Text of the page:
Nepali Times Asian Paints
Nation
Sarala's struggle


DEWAN RAI


KIRAN PANDAY
When Maoist activist Sarala Regmi defeated the UML's Bam Dev Gautam in Bardiya in the April elections, she was full of hope that a new Nepal was indeed being born. But her hopes were dashed a few months later when Gautam was nominated Home Minister in the coalition government.

Regmi came to Kathmandu with high expectations that she would take part in the drafting of the new constitution. After years spent underground and facing the hardships of the war years, Regmi felt the Maoist election victory was a logical outcome of her party's sacrifices.

"No one knew how the elections would turn out, but the people rewarded me with their trust," says 39-year-old Regmi. After she was declared the winner, every other contestant congratulated her except Gautam. When she came to Kathmandu, however, Regmi did congratulate Gautam on being appointed minister.

In Kathmandu, Regmi soon found the backroom wheeler-dealing of politics unbearable, and the constitution-drafting process was delayed by wrangling over rules of procedure. Appalled by the lack of a sense of urgency among politicians, she returned to Bardiya.

"A lot of people back in the district ask me what I think about the man I defeated being made the home minister," Regmi told Nepali Times. "But I guess it was up to the UML to decide their candidate for the post." She says her party had no option but to accept the decision of coalition partners UML and MJF on ministers. However, Regmi says it would have been better for the UML if it had chosen someone from among its elected members.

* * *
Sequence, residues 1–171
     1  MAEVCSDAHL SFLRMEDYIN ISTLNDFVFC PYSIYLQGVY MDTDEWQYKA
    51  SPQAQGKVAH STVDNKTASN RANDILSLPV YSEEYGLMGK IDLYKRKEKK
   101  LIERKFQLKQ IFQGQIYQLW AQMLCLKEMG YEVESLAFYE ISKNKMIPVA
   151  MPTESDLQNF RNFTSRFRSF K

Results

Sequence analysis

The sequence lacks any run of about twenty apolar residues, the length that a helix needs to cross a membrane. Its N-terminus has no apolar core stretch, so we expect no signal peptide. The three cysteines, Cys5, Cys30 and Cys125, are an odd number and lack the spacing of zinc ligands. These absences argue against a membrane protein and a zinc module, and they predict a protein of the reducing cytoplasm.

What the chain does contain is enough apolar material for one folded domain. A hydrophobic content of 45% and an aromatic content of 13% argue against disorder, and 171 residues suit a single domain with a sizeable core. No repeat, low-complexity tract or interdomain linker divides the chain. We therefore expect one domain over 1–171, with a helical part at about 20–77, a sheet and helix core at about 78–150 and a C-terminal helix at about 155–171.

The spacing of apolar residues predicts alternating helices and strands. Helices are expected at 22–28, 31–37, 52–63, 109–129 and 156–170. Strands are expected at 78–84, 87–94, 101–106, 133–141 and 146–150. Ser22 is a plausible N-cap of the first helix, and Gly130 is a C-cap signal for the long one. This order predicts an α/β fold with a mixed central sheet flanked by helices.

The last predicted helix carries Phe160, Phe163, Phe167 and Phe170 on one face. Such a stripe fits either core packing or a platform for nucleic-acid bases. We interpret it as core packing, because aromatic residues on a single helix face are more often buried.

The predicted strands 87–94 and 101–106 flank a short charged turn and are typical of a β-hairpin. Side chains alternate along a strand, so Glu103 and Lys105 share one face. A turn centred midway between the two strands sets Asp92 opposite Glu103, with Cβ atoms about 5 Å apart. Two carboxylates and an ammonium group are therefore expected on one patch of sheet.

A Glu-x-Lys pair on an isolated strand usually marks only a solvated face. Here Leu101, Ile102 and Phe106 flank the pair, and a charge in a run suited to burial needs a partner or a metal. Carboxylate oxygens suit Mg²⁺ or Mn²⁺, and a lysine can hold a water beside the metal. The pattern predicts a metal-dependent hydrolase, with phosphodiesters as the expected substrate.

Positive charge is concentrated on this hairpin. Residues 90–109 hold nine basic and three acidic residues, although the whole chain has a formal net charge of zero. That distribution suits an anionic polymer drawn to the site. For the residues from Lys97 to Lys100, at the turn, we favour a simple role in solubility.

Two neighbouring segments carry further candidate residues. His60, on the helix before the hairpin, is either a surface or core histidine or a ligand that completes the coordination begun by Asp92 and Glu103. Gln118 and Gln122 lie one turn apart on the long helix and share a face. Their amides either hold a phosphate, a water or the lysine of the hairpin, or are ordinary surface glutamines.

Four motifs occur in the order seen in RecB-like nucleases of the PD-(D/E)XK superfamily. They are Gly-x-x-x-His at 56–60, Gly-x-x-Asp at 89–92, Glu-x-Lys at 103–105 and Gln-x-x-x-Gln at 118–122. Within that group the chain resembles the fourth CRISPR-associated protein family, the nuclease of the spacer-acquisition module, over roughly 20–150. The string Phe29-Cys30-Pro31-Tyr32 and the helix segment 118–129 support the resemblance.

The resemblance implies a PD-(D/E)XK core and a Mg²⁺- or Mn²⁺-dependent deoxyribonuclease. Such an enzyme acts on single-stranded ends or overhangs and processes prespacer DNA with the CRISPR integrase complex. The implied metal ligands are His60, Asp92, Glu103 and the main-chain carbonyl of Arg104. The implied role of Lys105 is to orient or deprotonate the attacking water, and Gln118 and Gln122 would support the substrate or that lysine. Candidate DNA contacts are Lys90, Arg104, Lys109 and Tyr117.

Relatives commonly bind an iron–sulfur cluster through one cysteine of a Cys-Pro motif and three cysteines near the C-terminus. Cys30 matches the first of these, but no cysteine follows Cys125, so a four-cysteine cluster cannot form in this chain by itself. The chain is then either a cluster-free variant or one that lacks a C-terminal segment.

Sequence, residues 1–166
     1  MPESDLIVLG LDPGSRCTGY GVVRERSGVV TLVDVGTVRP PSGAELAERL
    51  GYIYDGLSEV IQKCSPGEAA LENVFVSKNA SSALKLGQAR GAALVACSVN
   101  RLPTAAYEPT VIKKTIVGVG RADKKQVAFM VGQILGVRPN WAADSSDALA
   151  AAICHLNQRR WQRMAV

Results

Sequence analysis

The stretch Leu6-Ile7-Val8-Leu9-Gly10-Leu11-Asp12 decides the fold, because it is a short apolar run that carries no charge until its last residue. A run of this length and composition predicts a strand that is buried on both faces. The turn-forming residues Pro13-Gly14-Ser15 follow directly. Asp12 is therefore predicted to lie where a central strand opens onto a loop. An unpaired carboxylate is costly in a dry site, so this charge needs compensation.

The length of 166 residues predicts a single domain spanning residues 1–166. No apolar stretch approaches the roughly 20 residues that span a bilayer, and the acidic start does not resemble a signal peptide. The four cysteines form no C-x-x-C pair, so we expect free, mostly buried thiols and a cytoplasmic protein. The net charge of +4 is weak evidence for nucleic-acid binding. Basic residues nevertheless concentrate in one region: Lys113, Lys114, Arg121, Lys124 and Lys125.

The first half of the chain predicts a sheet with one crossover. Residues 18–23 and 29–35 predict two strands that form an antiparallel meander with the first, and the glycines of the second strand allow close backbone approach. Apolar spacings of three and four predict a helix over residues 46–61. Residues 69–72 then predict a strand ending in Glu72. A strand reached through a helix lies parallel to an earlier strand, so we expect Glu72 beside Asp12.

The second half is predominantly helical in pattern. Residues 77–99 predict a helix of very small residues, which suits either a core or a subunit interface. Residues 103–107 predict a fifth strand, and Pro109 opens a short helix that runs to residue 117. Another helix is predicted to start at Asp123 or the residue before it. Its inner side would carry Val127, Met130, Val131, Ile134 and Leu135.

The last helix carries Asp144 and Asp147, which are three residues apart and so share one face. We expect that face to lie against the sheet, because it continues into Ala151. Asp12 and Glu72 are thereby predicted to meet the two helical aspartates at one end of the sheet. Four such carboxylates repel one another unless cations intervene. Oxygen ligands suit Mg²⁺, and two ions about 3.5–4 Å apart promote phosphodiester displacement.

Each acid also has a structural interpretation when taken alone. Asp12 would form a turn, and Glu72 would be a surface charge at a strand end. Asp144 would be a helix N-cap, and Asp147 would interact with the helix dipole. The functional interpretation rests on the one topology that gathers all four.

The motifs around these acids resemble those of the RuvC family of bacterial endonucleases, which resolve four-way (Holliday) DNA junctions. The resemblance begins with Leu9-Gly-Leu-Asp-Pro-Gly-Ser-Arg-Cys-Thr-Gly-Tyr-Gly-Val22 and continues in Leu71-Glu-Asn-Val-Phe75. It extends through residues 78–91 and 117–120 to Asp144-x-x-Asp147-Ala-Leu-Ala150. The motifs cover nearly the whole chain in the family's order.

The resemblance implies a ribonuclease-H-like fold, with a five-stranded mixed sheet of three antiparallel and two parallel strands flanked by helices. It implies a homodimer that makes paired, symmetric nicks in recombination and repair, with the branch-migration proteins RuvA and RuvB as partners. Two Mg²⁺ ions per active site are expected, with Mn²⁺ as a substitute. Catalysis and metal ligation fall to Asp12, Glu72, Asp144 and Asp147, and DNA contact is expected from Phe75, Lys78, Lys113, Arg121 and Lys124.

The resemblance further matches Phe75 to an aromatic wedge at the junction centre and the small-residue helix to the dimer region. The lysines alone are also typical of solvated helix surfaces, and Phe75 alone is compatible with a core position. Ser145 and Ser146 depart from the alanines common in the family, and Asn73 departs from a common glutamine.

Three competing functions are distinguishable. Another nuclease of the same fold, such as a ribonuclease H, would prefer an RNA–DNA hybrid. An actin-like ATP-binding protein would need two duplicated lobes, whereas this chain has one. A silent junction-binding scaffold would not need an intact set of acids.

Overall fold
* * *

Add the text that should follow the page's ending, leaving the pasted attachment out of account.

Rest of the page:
Regmi has some bad memories of the elections. She claims Gautam launched a smear campaign against her for being married twice. "I was hurt," she recalls. "I was not expecting it from a politician like him. It revealed his impoverished intellect, but his dirty tricks backfired on him."

Regmi was married to fellow Maoist Gyan Prasad Chalise (Ayam) in 1997, when both were underground. Chalise was arrested in 2001 and died in army detention in the Chisapani barrack. The party later arranged her marriage to Gunaraj Lohani in 2007, pairing her with someone who had lost his wife during the war.

Regmi was among the first 60 guerrillas to be trained to launch the 'people's war' in 1996. She worked as battalion
commissar to a central committee member. She is now a member of Tharuwan State Committee, and sides with the faction of the party that favours a federal people's republic.

Says Regmi: "We don't want a Bihari-style republic. The war was for liberation of the oppressed and the poor. We fought to establish a people's republic. The battle field may have changed but the fight still continues."

She argues that there would have been no need for armed struggle had the democracy addressed the country's structural problems. "The war dismantled the feudal structure and raised ethnic, gender and class issues, and now it is time for the state to address them," she says.

Regmi misses her young son who lives with relatives in Kailali when she is in Kathmandu. She studies, and writes when she has some free time. The rest of the time she spends strategising with party colleagues.

She adds: "There is so much to do, and there is so little time. We think about our country's future and not just about ourselves."



LATEST ISSUE
638
(11 JAN 2013 - 17 JAN 2013)


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